Behavior, Content, Money – 3 Things you should never give away for free!!!

BCmoney MobileTV

Parser for XMLTV format and SchedulesDirect data

Posted by bcmoney on September 25, 2011 in JavaScript, PHP, Web Services, XML with 2 Comments


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EPG

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For a long time now, I’ve been a paying customer of SchedulesDirect, and by that token their parent company Zap2it (now a Tribune Media Services company).

Recently, I’ve started publishing my own personal Electronic Programming Guide (EPG) here on BCmoney MobileTV in an accessible format:
BC$ EPG

 

One of the secondary goals of my MobileTV project has always been to be able to provide all XMLTV users a venue to easily access and conveniently plan/schedule their TV viewing via the web, on a variety devices (i.e. mobiles/tablets/desktop computers).

Soon I’ll be adding in a User Management feature that allows you to signup for SchedulesDirect and synch your account through BC$, and most importantly, protect your EPG and viewing data by your username and password (this is required to meet the SchedulesDirect usage terms and privacy policy).

I found that GET requests are not supported so technically the Tribune Web Service must still be following the SOAP 1.1 not SOAP 1.2 standard which specifies both GET and POST are acceptable as long as the SOAP request enveloppe is passed via URL.
Since that is not supported, you have to use POST and it also has to have the BASIC authentication information included in the header in the exact pattern:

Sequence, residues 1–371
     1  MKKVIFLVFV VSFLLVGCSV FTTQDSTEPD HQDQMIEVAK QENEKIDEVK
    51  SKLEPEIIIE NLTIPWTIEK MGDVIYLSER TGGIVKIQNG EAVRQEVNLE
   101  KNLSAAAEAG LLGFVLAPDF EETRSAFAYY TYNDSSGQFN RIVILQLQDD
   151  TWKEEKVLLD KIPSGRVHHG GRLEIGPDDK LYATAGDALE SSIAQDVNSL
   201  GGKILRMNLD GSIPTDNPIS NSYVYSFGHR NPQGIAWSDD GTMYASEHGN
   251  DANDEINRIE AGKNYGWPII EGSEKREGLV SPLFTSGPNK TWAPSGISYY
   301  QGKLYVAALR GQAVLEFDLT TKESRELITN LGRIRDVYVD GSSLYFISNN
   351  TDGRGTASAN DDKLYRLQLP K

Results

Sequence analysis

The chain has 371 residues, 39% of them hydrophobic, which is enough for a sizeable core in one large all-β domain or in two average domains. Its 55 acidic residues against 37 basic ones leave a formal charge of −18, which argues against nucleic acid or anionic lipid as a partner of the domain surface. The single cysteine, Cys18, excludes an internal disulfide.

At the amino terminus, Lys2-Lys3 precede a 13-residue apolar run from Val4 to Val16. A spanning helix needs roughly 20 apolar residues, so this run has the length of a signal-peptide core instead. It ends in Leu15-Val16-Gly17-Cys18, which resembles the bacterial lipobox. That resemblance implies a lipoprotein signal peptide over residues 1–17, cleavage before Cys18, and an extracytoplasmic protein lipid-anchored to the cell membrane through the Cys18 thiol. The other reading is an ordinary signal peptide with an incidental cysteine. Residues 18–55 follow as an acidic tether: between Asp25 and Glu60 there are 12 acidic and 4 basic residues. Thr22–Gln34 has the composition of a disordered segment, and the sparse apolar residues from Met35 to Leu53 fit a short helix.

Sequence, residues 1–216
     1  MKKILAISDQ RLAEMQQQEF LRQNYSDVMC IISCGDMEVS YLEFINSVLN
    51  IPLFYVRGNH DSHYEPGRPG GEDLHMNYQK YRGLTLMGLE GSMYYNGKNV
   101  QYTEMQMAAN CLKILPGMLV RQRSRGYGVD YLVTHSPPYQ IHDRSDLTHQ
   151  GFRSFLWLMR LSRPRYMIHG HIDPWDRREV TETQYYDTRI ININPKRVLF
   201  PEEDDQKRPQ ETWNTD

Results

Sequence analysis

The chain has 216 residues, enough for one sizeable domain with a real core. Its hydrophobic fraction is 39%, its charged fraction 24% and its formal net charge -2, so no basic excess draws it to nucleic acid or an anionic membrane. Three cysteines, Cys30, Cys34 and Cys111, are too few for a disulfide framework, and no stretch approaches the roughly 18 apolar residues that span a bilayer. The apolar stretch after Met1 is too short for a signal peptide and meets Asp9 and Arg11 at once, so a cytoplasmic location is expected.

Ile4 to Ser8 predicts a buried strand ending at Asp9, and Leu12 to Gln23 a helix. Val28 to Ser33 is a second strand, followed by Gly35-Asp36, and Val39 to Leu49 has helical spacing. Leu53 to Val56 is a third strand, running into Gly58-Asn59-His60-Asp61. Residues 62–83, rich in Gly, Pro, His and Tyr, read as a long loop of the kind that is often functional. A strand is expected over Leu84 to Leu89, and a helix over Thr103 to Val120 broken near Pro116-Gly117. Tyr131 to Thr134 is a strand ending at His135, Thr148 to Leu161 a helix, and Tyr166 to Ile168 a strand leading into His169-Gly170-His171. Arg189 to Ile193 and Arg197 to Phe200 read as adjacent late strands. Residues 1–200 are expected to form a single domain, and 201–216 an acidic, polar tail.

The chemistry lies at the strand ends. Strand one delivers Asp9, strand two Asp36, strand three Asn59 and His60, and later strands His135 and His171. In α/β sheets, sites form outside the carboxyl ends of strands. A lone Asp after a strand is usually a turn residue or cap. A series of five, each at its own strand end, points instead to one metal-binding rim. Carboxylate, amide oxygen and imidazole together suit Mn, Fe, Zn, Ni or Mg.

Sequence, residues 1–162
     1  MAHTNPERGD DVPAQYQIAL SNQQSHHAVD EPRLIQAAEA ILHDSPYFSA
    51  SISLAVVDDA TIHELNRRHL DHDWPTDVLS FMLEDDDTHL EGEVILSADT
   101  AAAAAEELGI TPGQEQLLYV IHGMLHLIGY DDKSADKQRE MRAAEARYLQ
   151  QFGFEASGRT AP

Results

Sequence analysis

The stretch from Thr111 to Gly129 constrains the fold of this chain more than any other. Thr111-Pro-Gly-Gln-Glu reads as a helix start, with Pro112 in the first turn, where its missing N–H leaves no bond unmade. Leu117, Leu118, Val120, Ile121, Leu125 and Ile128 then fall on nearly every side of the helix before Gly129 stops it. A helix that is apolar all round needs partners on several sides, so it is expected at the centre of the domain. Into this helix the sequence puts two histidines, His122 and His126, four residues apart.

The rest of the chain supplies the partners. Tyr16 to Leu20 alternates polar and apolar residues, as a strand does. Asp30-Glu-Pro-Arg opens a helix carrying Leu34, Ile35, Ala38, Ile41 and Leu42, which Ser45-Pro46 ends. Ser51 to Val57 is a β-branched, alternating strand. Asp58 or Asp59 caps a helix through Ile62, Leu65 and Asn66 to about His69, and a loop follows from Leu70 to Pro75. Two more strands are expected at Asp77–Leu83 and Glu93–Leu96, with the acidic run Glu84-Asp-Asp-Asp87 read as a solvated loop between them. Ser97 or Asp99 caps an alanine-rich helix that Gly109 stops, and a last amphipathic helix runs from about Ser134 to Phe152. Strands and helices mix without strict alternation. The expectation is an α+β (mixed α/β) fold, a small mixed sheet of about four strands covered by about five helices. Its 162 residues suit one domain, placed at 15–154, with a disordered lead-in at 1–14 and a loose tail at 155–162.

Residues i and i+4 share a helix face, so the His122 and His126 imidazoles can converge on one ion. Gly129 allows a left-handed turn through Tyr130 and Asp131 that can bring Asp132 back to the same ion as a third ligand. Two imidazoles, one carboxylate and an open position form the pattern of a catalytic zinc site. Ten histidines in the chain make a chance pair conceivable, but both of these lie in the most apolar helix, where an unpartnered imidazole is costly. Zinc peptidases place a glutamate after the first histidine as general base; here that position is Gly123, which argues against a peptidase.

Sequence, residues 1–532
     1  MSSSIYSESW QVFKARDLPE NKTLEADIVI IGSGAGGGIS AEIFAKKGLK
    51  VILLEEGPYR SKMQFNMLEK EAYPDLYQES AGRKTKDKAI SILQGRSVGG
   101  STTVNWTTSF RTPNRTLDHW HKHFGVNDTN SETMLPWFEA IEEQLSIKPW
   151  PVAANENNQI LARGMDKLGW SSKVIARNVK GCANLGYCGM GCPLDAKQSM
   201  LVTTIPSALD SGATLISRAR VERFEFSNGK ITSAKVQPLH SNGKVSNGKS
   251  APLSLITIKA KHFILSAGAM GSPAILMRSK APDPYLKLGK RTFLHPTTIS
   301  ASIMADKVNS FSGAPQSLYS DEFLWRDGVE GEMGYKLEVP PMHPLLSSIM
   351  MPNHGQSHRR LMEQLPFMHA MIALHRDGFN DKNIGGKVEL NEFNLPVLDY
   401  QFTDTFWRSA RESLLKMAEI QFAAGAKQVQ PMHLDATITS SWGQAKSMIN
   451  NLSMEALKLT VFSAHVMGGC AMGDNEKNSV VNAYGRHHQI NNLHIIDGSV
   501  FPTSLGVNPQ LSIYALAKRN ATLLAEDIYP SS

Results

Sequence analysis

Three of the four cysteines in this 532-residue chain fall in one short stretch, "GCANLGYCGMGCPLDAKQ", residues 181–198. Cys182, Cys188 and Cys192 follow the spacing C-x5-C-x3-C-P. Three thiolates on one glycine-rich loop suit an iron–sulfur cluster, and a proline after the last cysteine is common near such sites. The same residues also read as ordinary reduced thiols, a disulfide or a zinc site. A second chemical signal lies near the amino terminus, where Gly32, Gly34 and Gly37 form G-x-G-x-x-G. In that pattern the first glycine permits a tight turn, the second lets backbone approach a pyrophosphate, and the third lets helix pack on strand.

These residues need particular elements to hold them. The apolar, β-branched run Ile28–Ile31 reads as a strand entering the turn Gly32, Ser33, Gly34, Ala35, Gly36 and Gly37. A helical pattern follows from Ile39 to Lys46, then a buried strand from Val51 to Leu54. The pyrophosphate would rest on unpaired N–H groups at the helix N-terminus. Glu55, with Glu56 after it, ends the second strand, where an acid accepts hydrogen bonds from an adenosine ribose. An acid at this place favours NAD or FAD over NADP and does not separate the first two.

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BC$ = Behavior, Content, Money

The goal of the BC$ project is to raise awareness and make changes with respect to the three pillars of information freedom - Behavior (pursuit of interests and passions), Content (sharing/exchanging ideas in various formats), Money (fairness and accessibility) - bringing to light the fact that:

1. We regularly hand over our browser histories, search histories and daily online activities to companies that want our money, or, to benefit from our use of their services with lucrative ad deals or sales of personal information.

2. We create and/or consume interesting content on their services, but we aren't adequately rewarded for our creative efforts or loyalty.

3. We pay money to be connected online (and possibly also over mobile), yet we lose both time and money by allowing companies to market to us with unsolicited advertisements, irrelevant product offers and unfairly structured service pricing plans.

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